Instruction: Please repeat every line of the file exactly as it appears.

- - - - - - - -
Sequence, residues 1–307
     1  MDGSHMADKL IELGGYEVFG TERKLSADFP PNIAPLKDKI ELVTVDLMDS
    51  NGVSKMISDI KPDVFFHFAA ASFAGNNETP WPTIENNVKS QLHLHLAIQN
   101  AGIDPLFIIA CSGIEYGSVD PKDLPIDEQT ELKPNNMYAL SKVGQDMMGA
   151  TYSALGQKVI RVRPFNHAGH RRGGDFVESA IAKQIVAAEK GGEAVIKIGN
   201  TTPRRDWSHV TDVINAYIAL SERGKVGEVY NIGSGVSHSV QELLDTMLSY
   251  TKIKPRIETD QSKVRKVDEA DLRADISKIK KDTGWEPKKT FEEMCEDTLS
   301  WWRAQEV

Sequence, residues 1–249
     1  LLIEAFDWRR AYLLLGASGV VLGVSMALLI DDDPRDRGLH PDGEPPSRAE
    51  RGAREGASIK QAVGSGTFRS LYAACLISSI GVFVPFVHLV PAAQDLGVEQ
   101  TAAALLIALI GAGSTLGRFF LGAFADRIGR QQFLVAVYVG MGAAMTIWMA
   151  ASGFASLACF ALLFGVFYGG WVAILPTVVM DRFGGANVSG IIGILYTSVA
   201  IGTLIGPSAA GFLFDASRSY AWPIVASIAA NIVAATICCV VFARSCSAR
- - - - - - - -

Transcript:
Sequence, residues 1–307
     1  MDGSHMADKL IELGGYEVFG TERKLSADFP PNIAPLKDKI ELVTVDLMDS
    51  NGVSKMISDI KPDVFFHFAA ASFAGNNETP WPTIENNVKS QLHLHLAIQN
   101  AGIDPLFIIA CSGIEYGSVD PKDLPIDEQT ELKPNNMYAL SKVGQDMMGA
   151  TYSALGQKVI RVRPFNHAGH RRGGDFVESA IAKQIVAAEK GGEAVIKIGN
   201  TTPRRDWSHV TDVINAYIAL SERGKVGEVY NIGSGVSHSV QELLDTMLSY
   251  TKIKPRIETD QSKVRKVDEA DLRADISKIK KDTGWEPKKT FEEMCEDTLS
   301  WWRAQEV

Sequence, residues 1–249
     1  LLIEAFDWRR AYLLLGASGV VLGVSMALLI DDDPRDRGLH PDGEPPSRAE
    51  RGAREGASIK QAVGSGTFRS LYAACLISSI GVFVPFVHLV PAAQDLGVEQ
   101  TAAALLIALI GAGSTLGRFF LGAFADRIGR QQFLVAVYVG MGAAMTIWMA
   151  ASGFASLACF ALLFGVFYGG WVAILPTVVM DRFGGANVSG IIGILYTSVA
   201  IGTLIGPSAA GFLFDASRSY AWPIVASIAA NIVAATICCV VFARSCSAR